Most of my stories so far have been about the drunken and/or mentally ill misfits who approach me on public transport. Well, this story is a bit different. In this one, I’m the crazy person, thrusting my unwelcome presence upon passers-by.
It’s 2005 and I’m in New York City. I’m nineteen years old and I’m all alone. It’s the fifth month of my first solo around-the-world backpacking extravaganza, and by this point I would describe my mental state as “shaky”. I am very, very tired. I miss Australia, where I knew the names of the streets and people thanked the bus drivers. On top of all this, plus the usual teenage angst, I miss my boyfriend horribly. I met him earlier in my travels, but we had to part ways for a couple of weeks while I went on my scheduled trip to Canada and he went to Niagara Falls to visit relatives. I know if I can just be reunited with the boyf, this trip will start to be fun again instead of very, very lonely. On this day, in New York City, I am about to board a train that will take me to Buffalo and subsequently to my boyfriend.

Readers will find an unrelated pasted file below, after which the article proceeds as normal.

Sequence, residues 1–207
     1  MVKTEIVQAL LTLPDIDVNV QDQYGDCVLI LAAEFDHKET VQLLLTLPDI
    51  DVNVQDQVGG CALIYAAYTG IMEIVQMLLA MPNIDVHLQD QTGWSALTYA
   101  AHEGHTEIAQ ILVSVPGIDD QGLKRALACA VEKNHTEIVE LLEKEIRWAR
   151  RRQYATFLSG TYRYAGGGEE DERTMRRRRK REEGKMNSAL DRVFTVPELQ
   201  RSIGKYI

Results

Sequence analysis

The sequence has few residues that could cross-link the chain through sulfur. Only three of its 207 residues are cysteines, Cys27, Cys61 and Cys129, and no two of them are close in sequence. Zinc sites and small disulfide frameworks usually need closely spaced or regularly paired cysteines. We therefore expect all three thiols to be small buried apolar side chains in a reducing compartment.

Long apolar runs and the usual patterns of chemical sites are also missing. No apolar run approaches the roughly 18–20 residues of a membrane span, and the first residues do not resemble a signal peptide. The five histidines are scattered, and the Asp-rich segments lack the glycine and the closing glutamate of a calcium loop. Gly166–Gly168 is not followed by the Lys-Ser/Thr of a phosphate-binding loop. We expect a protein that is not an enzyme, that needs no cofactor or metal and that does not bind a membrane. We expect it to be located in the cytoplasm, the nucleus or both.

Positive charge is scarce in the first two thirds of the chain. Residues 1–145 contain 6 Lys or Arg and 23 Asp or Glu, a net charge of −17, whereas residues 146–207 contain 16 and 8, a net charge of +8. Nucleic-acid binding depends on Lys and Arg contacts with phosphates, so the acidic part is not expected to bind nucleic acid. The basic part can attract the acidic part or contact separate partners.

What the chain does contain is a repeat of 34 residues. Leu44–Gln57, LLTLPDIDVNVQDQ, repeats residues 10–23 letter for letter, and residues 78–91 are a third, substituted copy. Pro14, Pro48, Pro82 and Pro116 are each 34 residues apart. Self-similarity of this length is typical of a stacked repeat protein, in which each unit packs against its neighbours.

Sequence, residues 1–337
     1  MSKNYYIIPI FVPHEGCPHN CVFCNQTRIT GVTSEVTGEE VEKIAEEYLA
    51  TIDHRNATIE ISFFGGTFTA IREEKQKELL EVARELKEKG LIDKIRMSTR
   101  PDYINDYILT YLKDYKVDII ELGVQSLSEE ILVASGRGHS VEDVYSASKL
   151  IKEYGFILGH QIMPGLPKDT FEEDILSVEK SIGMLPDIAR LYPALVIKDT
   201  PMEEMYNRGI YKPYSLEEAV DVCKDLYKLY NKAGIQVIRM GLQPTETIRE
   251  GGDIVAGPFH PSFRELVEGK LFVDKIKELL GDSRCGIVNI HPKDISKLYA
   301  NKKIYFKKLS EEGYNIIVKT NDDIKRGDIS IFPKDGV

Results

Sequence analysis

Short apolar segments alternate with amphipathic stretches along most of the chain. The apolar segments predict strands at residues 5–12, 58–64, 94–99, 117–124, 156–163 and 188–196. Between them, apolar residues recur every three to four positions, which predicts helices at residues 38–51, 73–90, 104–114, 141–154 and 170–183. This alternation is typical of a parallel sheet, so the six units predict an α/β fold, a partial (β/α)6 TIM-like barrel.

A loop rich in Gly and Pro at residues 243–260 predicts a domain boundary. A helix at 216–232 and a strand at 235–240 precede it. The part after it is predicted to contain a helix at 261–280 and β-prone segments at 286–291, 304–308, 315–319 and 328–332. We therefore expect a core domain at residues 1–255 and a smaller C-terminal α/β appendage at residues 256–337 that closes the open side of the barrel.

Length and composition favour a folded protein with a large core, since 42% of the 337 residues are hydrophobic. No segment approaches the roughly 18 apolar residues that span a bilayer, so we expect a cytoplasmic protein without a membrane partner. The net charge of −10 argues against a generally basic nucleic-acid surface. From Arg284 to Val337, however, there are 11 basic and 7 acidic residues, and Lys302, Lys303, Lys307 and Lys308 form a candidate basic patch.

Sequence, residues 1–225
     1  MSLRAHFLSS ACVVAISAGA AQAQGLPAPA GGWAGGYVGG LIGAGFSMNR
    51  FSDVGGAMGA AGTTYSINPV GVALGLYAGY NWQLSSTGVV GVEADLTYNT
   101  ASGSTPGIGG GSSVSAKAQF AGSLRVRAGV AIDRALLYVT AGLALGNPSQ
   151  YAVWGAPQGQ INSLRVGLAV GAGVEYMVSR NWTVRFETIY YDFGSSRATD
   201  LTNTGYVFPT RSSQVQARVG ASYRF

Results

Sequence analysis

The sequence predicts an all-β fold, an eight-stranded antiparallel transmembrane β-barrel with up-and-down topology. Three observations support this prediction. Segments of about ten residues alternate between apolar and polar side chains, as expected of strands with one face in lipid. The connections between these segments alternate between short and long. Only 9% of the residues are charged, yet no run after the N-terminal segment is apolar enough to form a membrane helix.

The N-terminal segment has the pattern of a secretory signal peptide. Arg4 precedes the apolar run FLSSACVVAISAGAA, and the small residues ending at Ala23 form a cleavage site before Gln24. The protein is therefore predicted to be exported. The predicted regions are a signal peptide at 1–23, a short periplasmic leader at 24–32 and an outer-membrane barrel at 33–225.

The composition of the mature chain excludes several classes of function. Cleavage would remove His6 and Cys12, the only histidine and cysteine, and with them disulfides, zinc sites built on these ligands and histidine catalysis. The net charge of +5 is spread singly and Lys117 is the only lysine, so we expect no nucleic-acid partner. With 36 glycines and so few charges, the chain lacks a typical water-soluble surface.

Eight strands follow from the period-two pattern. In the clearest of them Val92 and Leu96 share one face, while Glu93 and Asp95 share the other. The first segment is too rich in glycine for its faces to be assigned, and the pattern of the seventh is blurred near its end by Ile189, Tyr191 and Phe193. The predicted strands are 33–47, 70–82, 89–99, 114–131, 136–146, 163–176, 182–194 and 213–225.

There is just one problem.
I have no freaking idea where the train is.
This is in the days before iPhones; Google Maps was only invented a few months ago. All I have is an old ‘analog’ street map that I’m too scared to take out of my backpack lest I get stabbed. (You might think this is an overreaction to New York’s reputation for ‘mean streets’. I might have agreed with you, if I didn’t know that just a few days earlier a baby was stabbed in broad daylight not three blocks from where I was staying. A baby. Think what they would do to a tourist.) The sidewalk is streaming with surly New Yorkers who push past me and buffet me around. It’s as if there’s some kind of angry salmon migration going on and I’m the lone tuna everyone wishes would just leave.
According to the address I have for the train station, I should be looking at the entrance right now. But all I can see is a solid stone wall. There isn’t anything resembling a door. I walk carefully around the corner, checking for any possible signs of an entrance. Nothing. Maybe this is like Platform Nine and Three Quarters, and I need to take a running start at the wall? (This is before iPhones but after Harry Potter.) I don’t know what to do. My watch says I’ve only got 15 minutes before my train leaves. It’ll take me ages to walk there while juggling my backpack and 25-kilo duffel bag. And I haven’t even found the train station yet! This is too much.
Desperate, I attempt to make contact with the angry salmon.
“Excuse me? Please? Um, help?” I try to ask passing New Yorkers for help, but they move too fast. I only get half a sentence out before they’re already disappearing into the crowd.
“Do you know where–” ZRROOOOM and they’re gone.